When asked what kind of government the newly minted United States of America would have, Benjamin Franklin famously responded: “A republic, if you can keep it.” Once you know the story of Rome, you instantly know how daunting that statement would be in his mind.
It is said that the two greatest problems in history are trying to explain how Rome came to be, and how she fell. In the case of the latter, it’s been suggested that the two most probable causes were barbarians at the gates and Christianity from within. Will Durant makes the claim that the fall of Rome was a process that unfolded over the course of hundreds of years, that both barbarians and Christianity were effects of this internal decay, not causes. How that internal decay came to be… well, that’s the whole of the saga, for one must understand the foundations of Rome and how it built itself into the largest empire the West would ever know.
The saga begins not with the Republic, but with a recap of the little known civilization known as the Etruscans. The birth of the Republic would unfold from within their world. Thorough as ever, Durant covers the entirety of this foundation, outlining the patricians, the plebs, and the beginnings of Roman law that allowed for the conquest of the Italian peninsula, the defeat of Carthage, and the complete overrun of Greece. From there we get the Agrarian Revolt, the Servile Wars, and the rise of such characters as Marius, Sulla, Spartacus, Pompey, Cicero, and Julius Caesar. Republic turns to civil war, and from the ashes comes Augustus and Empire.
Not content with the politics and war, Durant expands to all corners of life and society, covering religion, morals, philosophy, literature, art, architecture, commerce, and pretty much any other aspect of Roman life you can name throughout the course of the entire history from 800 B.C. to 325 A.D. Keeping in mind that Rome is not just a city or a confined area, the scope of this survey covers the whole of the empire, its peoples, and its greatest opponents.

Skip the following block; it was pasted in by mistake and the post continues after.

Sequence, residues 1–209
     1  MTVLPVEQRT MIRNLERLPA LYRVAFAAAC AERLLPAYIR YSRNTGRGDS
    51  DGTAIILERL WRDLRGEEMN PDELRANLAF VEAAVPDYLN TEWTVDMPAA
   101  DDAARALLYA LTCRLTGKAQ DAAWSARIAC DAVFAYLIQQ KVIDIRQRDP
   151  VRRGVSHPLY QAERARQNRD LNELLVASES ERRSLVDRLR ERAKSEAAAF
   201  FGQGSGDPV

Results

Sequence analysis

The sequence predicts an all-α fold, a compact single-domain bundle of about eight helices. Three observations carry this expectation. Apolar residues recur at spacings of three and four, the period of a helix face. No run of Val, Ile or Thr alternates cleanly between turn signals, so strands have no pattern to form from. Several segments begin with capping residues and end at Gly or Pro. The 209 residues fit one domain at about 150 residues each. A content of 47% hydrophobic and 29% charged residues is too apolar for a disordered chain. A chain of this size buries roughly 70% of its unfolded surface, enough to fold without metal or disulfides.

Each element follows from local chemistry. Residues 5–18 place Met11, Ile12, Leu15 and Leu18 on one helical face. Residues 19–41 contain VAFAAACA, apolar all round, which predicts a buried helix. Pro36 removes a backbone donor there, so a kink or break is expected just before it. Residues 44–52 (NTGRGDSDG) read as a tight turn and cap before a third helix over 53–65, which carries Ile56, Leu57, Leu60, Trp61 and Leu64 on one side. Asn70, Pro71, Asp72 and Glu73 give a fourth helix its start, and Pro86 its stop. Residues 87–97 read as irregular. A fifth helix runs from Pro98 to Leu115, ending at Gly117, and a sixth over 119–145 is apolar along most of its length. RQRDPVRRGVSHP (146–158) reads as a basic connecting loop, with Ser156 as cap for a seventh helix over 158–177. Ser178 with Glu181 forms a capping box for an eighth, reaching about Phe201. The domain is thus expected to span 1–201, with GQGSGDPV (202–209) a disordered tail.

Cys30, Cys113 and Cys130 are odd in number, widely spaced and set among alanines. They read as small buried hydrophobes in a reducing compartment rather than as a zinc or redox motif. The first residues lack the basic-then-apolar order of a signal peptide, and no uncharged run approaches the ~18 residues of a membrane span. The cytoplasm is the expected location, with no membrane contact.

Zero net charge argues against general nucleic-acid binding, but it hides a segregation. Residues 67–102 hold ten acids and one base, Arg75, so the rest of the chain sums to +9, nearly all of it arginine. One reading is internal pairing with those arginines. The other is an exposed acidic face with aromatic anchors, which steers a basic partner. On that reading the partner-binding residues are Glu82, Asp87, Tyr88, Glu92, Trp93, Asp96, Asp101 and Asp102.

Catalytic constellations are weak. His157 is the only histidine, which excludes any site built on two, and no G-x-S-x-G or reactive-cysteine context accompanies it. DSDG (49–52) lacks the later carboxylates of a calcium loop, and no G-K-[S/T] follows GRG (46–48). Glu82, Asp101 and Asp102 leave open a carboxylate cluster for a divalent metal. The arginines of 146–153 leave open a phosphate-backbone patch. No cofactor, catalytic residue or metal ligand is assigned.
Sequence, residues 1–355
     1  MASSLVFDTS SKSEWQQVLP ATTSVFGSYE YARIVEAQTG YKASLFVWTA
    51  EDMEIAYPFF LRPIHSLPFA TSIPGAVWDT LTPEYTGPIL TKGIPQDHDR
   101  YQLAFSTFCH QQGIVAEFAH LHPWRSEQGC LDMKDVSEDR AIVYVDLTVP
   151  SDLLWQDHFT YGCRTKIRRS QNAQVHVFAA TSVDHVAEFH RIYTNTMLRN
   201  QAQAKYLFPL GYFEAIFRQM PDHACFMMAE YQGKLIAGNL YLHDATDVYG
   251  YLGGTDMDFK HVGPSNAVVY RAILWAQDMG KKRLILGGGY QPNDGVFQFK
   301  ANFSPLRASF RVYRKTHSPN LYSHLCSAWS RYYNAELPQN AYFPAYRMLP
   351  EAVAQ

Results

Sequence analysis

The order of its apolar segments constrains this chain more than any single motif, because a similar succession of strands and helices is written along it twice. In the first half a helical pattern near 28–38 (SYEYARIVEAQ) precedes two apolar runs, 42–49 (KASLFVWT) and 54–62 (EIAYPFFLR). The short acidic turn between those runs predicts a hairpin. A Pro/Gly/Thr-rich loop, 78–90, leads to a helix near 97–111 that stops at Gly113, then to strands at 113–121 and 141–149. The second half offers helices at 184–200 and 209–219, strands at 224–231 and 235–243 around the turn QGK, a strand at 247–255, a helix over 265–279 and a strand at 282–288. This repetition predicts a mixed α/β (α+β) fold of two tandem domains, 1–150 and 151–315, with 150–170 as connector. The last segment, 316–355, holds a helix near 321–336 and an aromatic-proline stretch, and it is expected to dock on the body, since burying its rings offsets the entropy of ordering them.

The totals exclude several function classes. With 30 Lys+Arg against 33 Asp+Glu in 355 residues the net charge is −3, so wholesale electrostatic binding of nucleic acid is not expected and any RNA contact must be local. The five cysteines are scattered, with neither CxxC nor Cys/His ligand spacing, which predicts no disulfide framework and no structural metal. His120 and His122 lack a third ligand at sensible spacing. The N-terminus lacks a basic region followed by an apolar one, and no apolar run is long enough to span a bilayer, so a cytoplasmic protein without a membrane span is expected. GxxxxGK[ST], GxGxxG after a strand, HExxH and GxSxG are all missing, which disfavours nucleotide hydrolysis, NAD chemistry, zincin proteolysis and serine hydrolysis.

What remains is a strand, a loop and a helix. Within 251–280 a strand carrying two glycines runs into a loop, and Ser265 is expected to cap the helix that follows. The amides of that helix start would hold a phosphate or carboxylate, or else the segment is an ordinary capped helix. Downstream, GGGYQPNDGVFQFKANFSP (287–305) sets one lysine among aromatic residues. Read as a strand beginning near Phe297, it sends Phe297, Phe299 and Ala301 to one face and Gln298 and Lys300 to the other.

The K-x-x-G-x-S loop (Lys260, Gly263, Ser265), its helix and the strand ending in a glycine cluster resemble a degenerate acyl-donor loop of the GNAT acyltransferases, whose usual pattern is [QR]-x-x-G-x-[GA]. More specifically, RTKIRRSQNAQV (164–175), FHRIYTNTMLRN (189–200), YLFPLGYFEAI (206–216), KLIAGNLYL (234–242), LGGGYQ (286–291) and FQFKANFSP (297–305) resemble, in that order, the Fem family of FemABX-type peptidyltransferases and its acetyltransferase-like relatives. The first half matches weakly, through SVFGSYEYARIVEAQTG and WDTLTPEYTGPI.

This tome is divided into five books, the fifth of which deals with the beginnings of Christianity and the foundations of how civilization would morph into Middle Ages. If I have a single complaint here, it’s that Durant seems to be of two minds about Christianity’s origins. He seems to have no doubts whatsoever in the historical Jesus or the miracles attested to him, and readily defends Biblical accounts in the four canonical gospels. But then he also points out all of the contradictions and developments between these foundations and the later books of the Bible, citing how developments in dogma and tradition grew from reactions to Roman law and society. My problem lies in that Durant is at once neither objective nor subjective, but dances around both. He makes the claims of the Bible’s inherent history and points out where it isn’t, so much so that it creates a confusion in the mind of those who aren’t readily acquainted with the nuances of Christianity’s spread and development. This and a rapid conclusion following Constantine are why I offer only 4 stars instead of 5 this time around. I’ve not looked, but I’m assuming the 4th volume of this series will backtrack a bit and cover the fall itself in greater detail.
The point that Durant stresses repeatedly is that while Greece was physically conquered by Rome, Rome was intellectually conquered by Greece. Rome came up with absolutely nothing on any level of progress, merely developing what was already in play on a larger scale. When it fell, the Church was the last bastion of knowledge, transforming into a state and eventually an army through the Middle Ages. In the East, the Roman Empire would last until 1453. In the West, the Empire saw its twilight a thousand years previous. The perception of rot and stagnation that is the general assumption of the Middle Ages was the legacy of Rome’s internal strife, the result of how she kept her power and of how she doled it out upon her enemies. The greatness and the horror of Rome stand as contradictions in the annals of history; one cannot be without the other.
As with the previous volumes in this series, this is the most complete and thorough history I’ve encountered on this subject to date, with most books concentrating and expanding upon mere fragments of what’s contained herein. As a medievalist, this book has painted a clearer picture for me of how those societies were seeded in this era. As an American, the inspirations and parallels for my country are too vivid to ignore, so this book was as disconcerting as it was enlightening. And on the whole, this book seemed considerably easier to digest than the volume on Greece.